inflicting serious injury the defendant
         killed the victim, and that the defendant’s
         act was the proximate cause of the victim’s
         death, and that the defendant committed or
         attempted to commit assault with a deadly
         weapon inflicting serious injury with the use
         of a deadly weapon, then it would be your
         duty to return a verdict of guilty of first
         degree murder under the felony murder rule.
         (emphasis added)

         T p 433; R p 20.

While this instruction is legally incorrect and will be addressed

in a separate argument, it settles the issue as to whether

counsel had authority to argue that Ms. Goode committed second-

degree murder. See Jones, 353 N.C. at 170, 538 S.E.2d at 926 n.3

(assault on a single victim cannot be used as underlying felony

for purposes of felony murder).    Counsel’s argument was that Ms.

Goode intended to hit the victim, but did not deliberate or act

in a cool state of mind.    Ms. Goode did not consent expressly to

this argument, as the record makes clear.   Logically, she lacked

any incentive to authorize such an argument when the consequences

were to concede first-degree murder based on felony murder.    In

light of the trial court’s instructions on felony murder,
                                  17


conceding that his client committed second-degree murder was

tantamount to conceding that she committed assault with a deadly

weapon inflicting serious injury, the predicate offense for

first-degree felony murder.             Even if counsel was unaware

that the trial court would instruct the jury that it must find

Ms. Goode guilty of first-degree murder if she intended to

assault the deceased, the practical effect was to deny Ms. Goode

effective assistance of counsel.       Any authority to concede guilt

to an offense must be made voluntarily and knowingly with a full

appreciation of the consequences.       Perez, 135 N.C. at 548, 522

S.E.2d at 106.   Nothing in the record indicates that Ms. Goode

authorized her lawyer to concede second-degree murder under

circumstances that would leave the jury little choice but to

consider the concession an admission to the underlying felony

offered to support first-degree felony murder.

    The scope and specifics of any authorization were unclear.

The actual concession to second-degree murder was inconsistent

with Ms. Goode’s testimony.     Ultimately, even if unintentionally,

the concession to second-degree murder was a concession to first-

degree felony murder given the trial court’s erroneous

instructions to the jury.     For these reasons, Ms. Goode was

denied effective assistance of counsel in violation of the Sixth

and Fourteenth Amendments to the United States Constitution and

Article I, Sections 19 & 23 of the North Carolina Constitution.

She is entitled to a new trial.
                                 18


II.   THE TRIAL COURT COMMITTED REVERSIBLE ERROR BY FAILING
      TO INSURE THAT MS. GOODE WAS COMPETENT FOR TRIAL
      THROUGHOUT ALL THE PROCEEDINGS.

      ASSIGNMENTS OF ERROR 3 & $
      T P 221, line 8 through T p 233, line 5
      R p 65

      Ms. Goode’s rights to due process under the Fifth and

Fourteenth Amendments to the United States Constitution and

Article I, Sections 19 & 23 of the North Carolina Constitution

were violated when the trial court failed to insure that she had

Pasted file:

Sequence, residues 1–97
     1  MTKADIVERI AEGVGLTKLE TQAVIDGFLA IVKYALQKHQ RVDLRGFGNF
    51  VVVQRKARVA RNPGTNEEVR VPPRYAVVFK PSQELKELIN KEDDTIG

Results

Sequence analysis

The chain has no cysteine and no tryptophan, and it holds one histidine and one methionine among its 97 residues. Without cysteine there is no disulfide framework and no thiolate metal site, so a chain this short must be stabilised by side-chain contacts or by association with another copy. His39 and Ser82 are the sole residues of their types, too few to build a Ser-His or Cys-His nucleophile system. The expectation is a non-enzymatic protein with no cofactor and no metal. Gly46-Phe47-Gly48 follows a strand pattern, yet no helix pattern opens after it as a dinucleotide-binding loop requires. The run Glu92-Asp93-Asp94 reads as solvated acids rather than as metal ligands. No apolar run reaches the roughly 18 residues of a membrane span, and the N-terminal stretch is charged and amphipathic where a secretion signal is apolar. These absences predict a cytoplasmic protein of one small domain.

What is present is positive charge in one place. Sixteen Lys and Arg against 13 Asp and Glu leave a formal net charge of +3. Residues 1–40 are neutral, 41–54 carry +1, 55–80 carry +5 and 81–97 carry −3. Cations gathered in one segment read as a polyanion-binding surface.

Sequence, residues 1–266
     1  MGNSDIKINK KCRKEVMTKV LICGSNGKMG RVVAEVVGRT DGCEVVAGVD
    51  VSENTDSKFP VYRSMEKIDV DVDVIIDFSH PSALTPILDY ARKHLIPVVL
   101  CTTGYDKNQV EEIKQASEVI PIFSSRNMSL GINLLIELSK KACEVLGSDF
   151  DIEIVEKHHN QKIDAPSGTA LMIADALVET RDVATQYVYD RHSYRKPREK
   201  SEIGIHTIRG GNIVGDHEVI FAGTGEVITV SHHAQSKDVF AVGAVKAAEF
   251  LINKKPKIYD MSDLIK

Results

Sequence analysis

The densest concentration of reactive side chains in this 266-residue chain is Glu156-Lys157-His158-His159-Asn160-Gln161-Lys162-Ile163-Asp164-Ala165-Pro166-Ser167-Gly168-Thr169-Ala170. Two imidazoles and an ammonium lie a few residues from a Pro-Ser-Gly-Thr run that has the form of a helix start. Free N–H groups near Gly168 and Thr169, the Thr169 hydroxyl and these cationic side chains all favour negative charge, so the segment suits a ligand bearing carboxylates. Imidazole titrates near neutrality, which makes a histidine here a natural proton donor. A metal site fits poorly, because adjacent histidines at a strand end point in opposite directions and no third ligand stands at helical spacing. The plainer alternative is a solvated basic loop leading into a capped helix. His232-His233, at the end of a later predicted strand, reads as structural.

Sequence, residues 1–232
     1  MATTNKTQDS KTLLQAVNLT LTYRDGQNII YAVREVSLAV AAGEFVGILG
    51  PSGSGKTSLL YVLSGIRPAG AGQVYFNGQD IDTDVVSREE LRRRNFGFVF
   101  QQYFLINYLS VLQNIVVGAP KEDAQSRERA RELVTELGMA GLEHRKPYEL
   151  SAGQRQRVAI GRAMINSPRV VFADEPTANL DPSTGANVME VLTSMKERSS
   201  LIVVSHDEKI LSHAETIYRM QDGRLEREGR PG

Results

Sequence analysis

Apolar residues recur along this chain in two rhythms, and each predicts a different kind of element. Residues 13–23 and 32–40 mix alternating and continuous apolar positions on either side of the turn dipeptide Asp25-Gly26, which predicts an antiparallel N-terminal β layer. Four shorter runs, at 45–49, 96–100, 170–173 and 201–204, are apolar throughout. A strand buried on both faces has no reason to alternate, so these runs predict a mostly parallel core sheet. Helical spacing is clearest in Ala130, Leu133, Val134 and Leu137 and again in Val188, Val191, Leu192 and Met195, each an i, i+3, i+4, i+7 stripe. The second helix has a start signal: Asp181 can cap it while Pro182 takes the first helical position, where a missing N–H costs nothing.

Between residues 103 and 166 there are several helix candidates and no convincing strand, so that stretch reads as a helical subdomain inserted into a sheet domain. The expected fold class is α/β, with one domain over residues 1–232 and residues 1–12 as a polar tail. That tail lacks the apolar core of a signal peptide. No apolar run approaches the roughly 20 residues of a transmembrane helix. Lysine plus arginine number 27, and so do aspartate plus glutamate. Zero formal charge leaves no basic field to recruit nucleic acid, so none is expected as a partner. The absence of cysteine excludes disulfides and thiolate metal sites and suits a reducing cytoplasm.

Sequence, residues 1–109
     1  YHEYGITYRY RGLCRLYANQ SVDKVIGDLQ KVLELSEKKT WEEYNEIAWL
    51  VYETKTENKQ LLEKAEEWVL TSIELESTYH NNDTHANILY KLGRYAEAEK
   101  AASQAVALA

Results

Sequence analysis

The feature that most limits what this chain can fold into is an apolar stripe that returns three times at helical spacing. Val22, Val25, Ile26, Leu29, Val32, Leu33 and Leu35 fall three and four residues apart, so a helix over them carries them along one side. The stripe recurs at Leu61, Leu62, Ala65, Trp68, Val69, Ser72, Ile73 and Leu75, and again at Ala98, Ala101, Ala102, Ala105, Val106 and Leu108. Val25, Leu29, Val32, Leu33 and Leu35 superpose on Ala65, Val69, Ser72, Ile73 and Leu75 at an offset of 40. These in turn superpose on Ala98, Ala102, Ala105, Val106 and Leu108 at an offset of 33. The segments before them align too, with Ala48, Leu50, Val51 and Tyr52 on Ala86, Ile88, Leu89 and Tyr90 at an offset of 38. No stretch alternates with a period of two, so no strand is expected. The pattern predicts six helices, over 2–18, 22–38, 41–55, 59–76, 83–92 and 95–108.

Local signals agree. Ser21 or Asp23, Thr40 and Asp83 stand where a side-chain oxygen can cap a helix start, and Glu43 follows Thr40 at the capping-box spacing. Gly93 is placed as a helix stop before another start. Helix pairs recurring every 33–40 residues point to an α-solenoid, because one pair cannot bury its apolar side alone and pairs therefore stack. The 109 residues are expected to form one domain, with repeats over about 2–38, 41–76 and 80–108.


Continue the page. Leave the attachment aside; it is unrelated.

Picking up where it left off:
the mental capacity to understand the nature and object of the

proceedings, to consult with counsel, and assist in preparing her

defense during all phases of the trial.   During the trial,

counsel informed the trial court that Ms. Goode’s mental state

was deteriorating over the course of the morning.    At the lunch

break, counsel learned that Ms. Goode’s anti-anxiety medication

had been withheld by the jail.   After the parties and the trial

court agreed that Ms. Goode’s competency was in question, the

trial court recessed the trial until the next day.   The trial

court made no further inquiry before resuming the trial the next

morning.   T pp 221-30.

      A person’s whose mental capacity is in question may not be

subjected to trial.   Drope v. Missouri, 420 U.S. 162, 43 L.Ed.2d

103, 95 S.Ct. 896 (1975).   A trial court has a statutory and

constitutional duty to insure that a defendant is competent by

holding a hearing once the defendant’s competency is questioned.

State v. Heptinstall, 309 N.C. 231, 235, 306 S.E.2d 109, 112
                                19


(1983).   Counsel questioned Ms. Goode’s competency and indicated

that her condition had deteriorated throughout the day.    T p 221.

After the prosecutor conceded that he trusted counsel’s

conclusions on the issue, the trial court decided to recess the

trial until the following morning.   In the meantime, the jail

reported that Ms. Goode’s medication had been withheld

inadvertently.

    The trial resumed without any inquiry into Ms. Goode’s

mental status on the following morning.   The trial court failed

to follow up to insure that Ms. Goode received her medication.

More important, the trial court never conducted a hearing to

determine whether Ms. Goode was competent throughout the

proceedings on the prior day.   Under the circumstances, Ms.

Goode’s due process and statutory rights to insure that she had

the capacity to proceed at all times during the trial were

violated.   Because there is no way to insure that Ms. Goode

understood the nature of the proceedings, was able to consult

with counsel, and was able to assist in her defense during the

entire trial, she is entitled to a new trial. Drope v. Missouri,

420 U.S. at 183, 43 L.Ed.2d at 119, 95 S.Ct. at 909.

III. THE TRIAL COURT COMMITTED REVERSIBLE ERROR BY
     APPLYING TRANSFERRED INTENT TO THE INSTRUCTION OF
     ATTEMPTED FIRST DEGREE MURDER.

    ASSIGNMENT OF ERROR 6
    T p 436, lines 16 through 21
    R p 66
                                20